The Southwestern Historical Quarterly, Volume 83, July 1979 - April, 1980 Page: 349

This periodical is part of the collection entitled: Southwestern Historical Quarterly and was provided to The Portal to Texas History by the Texas State Historical Association.

View a full description of this periodical.

Choctaws West of the Mississippi,
1766-1800
LAWRENCE AND LUCIA B. KINNAIRD*
THROUGHOUT THE SPANISH PERIOD IN LOUISIANA, CHOCTAW ACTIVI-
ties west of the Mississippi River presented a problem to provincial
officials which they never solved. Although the Choctaw homelands were
within territory ceded by France to England at the end of the Seven
Years' War, that did not keep members of the tribe out of Spanish Lou-
isiana. Antonio de Ulloa, the first Spanish governor, was made painfully
aware of the Choctaws soon after his arrival in New Orleans. The French
had promised the Indians their accustomed presents for 1761 and 1762,
but, because of the war, had been unable to meet this commitment.
Cession of Louisiana to Spain caused Choctaw chiefs to go to New Or-
leans and demand that the Spanish governor make good on the presents
France had failed to give them. In his estimate for governmental ex-
penses, presented to Captain General Antonio Bucareli of Cuba, Ulloa
wrote that the Choctaws must be given presents because they were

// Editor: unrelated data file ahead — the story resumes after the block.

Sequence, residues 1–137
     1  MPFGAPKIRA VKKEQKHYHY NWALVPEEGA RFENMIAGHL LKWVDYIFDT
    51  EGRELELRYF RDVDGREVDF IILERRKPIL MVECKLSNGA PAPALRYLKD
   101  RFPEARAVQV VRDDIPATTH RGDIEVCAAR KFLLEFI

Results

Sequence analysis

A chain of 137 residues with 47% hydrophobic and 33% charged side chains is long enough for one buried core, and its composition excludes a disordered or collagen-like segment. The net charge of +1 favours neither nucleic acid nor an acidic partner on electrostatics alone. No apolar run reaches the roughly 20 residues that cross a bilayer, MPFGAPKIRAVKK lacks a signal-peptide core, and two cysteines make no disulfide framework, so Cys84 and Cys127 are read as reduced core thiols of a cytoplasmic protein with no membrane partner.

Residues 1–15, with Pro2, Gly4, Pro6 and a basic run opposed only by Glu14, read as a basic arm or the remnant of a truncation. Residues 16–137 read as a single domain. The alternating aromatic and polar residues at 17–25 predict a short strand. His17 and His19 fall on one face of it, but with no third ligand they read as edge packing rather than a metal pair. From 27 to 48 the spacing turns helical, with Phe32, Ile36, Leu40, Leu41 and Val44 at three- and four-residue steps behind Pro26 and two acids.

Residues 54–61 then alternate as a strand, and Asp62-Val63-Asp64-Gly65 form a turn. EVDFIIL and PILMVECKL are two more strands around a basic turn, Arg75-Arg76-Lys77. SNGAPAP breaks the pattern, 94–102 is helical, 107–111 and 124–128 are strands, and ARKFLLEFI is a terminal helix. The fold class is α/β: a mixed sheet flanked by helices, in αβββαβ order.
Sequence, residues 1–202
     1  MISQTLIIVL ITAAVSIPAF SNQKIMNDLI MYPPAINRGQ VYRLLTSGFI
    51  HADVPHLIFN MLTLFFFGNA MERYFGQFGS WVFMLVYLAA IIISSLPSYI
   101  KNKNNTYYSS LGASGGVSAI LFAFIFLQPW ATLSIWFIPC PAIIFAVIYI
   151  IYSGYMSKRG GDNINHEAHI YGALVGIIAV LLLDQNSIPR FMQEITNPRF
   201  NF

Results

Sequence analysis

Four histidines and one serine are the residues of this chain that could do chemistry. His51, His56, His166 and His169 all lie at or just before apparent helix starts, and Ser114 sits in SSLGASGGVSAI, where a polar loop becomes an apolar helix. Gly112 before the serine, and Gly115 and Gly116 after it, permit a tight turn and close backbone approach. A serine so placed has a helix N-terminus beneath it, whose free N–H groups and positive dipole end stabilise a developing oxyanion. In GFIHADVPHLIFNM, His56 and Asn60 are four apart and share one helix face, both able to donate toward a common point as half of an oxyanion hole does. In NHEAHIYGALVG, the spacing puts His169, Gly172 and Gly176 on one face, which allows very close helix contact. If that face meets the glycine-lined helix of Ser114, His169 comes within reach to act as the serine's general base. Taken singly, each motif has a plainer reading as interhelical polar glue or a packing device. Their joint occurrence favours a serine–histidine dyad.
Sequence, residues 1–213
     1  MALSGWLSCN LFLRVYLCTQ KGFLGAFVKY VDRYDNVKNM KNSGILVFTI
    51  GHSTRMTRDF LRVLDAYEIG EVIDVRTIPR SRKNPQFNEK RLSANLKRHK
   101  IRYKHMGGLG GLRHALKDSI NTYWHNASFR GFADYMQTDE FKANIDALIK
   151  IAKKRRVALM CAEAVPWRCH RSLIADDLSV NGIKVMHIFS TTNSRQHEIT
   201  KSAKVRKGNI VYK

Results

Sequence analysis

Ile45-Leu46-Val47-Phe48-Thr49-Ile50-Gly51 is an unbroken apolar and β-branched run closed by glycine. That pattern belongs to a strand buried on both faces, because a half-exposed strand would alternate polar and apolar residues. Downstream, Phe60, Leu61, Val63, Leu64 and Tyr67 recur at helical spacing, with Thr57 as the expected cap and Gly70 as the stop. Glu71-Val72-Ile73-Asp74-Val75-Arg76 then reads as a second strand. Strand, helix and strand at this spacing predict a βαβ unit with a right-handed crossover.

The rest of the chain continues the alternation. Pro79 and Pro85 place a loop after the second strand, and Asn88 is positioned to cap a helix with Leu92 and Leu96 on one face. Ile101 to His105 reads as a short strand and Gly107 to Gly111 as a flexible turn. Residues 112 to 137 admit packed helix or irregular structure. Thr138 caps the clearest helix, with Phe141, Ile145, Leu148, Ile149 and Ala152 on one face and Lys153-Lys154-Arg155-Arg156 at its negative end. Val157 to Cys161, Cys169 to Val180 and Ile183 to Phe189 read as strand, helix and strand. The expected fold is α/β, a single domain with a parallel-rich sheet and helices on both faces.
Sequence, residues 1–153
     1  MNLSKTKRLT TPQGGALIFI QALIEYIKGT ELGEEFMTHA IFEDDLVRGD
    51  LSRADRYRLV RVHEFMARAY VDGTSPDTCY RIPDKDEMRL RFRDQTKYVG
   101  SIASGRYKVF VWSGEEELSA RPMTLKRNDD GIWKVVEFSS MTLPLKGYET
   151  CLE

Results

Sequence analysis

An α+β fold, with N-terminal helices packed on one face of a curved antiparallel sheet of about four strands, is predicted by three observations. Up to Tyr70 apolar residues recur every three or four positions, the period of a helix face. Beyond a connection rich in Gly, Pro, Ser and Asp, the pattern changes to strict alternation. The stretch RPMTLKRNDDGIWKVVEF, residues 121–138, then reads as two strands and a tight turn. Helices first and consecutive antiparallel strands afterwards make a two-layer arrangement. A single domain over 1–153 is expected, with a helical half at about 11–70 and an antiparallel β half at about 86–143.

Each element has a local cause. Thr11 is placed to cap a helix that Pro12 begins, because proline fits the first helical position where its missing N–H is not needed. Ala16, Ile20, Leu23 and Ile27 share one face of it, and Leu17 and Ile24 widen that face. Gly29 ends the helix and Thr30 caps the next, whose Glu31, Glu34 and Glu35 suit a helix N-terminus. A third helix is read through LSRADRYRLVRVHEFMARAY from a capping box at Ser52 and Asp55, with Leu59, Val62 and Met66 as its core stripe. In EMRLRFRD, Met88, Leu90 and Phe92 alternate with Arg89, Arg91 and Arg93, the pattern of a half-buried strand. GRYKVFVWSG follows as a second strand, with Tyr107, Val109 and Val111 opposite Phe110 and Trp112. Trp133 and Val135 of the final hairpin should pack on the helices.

"threatening war if denied." He explained that "this is a tribe which
could destroy various settlements of the colony if steps are not taken to
satisfy it, and for such gifts eight thousand pesos are needed." The king
approved the expenditure. Thus Choctaws made their first appearance
in Spanish Louisiana history by successfully blackmailing the govern-
ment. They knew how to bargain from strength and rarely altered their
strategy.'
British occupation of that part of Louisiana which had lain east of
the Mississippi stimulated a westward movement of various Indian
tribes long accustomed to dealing with the French. By the time Spain
had effectively established her authority in Louisiana, bands of Choc-
*Lawrence Kinnaird is professor emeritus of history at the University of California at
Berkeley. Dr. Lucia B. Kinnaird has taught political science at San Francisco State Univer-
sity, the University of California at Berkeley, and the University of California at Santa
Barbara.
1Antonio de Ulloa to Antonio Bucareli, Dec. 28, 1766 (quotations), in Lawrence Kinnaird
(ed.), Spain in the Mississippi Valley, 1765-1794, Annual Report of the American Historical
Association for the Year 1945 (4 vols.; Washington, D.C., 1946-1949), II (pt. 1), 18-19.

Upcoming Pages

Here’s what’s next.

408 of 527
409 of 527
410 of 527
411 of 527

Show all pages in this issue.

This issue can be searched. Note: Results may vary based on the legibility of text within the document.

Citing and Sharing

Basic information for referencing this web page. We also provide extended guidance on usage rights, references, copying or embedding.

Reference the current page of this Periodical.

Texas State Historical Association. The Southwestern Historical Quarterly, Volume 83, July 1979 - April, 1980, periodical, 1979/1980; Austin, Texas. (texashistory.unt.edu/ark:/67531/metapth101207/m1/407/ocr/: accessed July 25, 2016), University of North Texas Libraries, The Portal to Texas History, texashistory.unt.edu; crediting Texas State Historical Association.